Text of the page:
As a nice coda to this two part series, Professor Barroso and her co-authors show in their subsequent paper titled, “Experiments for the selection of sub-word units in the Basque context for semantic tasks,” how they meet the long term goal of their project to develop a robust ASR system in the Basque context where French, Spanish and Basque (a minority language) coexist. They show how their work which is “focused on the selection of appropriate sub-word units with under-resourced and noisy conditions” is applied to the Basque Broadcast News and to the trilingual Infozazpi radio which is situated in French Basque Country. The readers will see from Professor Barroso and her co-authors’ discussion how they try to compensate for the paucity of language resources in the under-resourced language of Basque by applying several data optimization methodologies based on Matrix Covariance Estimation and Ontology-based approaches.

The final paper in this issue provides a fascinating look at a new framework to improve dysarthric speech recognition by using rhythm knowledge. The author, University of Moncton Professor Sid-Ahmed Selouani, and his co-authors from the University of Quebec and the School of ESPRIT in Tunisia, respectively, show how their approach builds speaker-dependent (SD) recognizers with respect to the dysarthria severity level of each speaker. The authors employ soft computing methods to assess the severity level of dysarthria by using a hybrid classifier that combines class posterior distributions and a hierarchical structure of multilayer perceptrons. They point to their use of “rhythm-based features as input parameters” given the fact that “preliminary evidence from perceptual experiments shows that rhythm troubles may be the common characteristic of various types of dysarthria.” In detailing their research design Professor Sid-Ahmed and his co-authors demonstrate in their paper how speaker-dependent dysarthric speech recognition is performed using Hidden Markov Models (HMMs). Drawing from the Nemours database of American dysarthric speakers for their experiments, these authors show the relevance of rhythm metrics and the effectiveness of the proposed framework to improve the performance of dysarthric speech recognition.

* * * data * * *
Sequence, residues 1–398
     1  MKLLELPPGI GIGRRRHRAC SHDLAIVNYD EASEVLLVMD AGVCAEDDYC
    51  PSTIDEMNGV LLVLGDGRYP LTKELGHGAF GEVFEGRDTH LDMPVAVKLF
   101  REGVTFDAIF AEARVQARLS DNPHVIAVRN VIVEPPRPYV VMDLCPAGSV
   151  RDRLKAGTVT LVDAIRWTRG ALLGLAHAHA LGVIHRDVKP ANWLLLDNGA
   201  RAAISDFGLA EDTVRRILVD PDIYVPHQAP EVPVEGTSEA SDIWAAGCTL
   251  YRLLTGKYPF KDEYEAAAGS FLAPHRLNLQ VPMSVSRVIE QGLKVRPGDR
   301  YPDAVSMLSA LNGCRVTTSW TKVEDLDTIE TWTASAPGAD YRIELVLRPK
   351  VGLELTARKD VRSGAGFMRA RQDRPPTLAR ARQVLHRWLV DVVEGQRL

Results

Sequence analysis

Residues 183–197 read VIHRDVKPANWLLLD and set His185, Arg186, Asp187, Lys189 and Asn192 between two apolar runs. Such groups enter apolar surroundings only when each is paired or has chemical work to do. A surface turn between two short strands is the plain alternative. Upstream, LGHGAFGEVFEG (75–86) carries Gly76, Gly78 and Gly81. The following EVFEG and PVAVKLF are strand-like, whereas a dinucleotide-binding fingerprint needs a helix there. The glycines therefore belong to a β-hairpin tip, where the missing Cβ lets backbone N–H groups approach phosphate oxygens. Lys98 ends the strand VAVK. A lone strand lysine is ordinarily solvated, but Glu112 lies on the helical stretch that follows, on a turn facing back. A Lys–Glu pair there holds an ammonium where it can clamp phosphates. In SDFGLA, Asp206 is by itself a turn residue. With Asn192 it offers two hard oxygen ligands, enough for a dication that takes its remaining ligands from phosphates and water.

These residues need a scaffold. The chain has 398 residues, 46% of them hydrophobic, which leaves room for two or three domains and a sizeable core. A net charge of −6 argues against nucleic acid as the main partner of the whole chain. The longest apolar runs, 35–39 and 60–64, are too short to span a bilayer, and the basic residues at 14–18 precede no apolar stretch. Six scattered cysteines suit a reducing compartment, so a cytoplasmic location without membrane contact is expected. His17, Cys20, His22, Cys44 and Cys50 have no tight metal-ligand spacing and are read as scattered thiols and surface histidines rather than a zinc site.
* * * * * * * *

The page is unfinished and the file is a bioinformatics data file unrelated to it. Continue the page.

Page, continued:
In conclusion, I wish to thank the authors of Volume 15, Number 1 for their laborious efforts to perfect their papers. Their diligent efforts have insured that their critical research can be made part of the expanding body of literature on soft computing methods for speech processing, which, as we can see from the contributions mentioned above, serves some very important societal needs from helping stroke victims and others who suffer from dysarthric speech to assisting entire communities that utilize under-resourced languages in the design of well-functioning automated speech recognition systems. Professor Emilio Corchado, who organized SOCO 2011, is equally deserving of praise for including a session on speech processing and soft computing which inspired this special issue of the Journal.

Copyright information

© Springer Science+Business Media, LLC 2012

Authors and Affiliations

  1. 1.Fort LeeUSA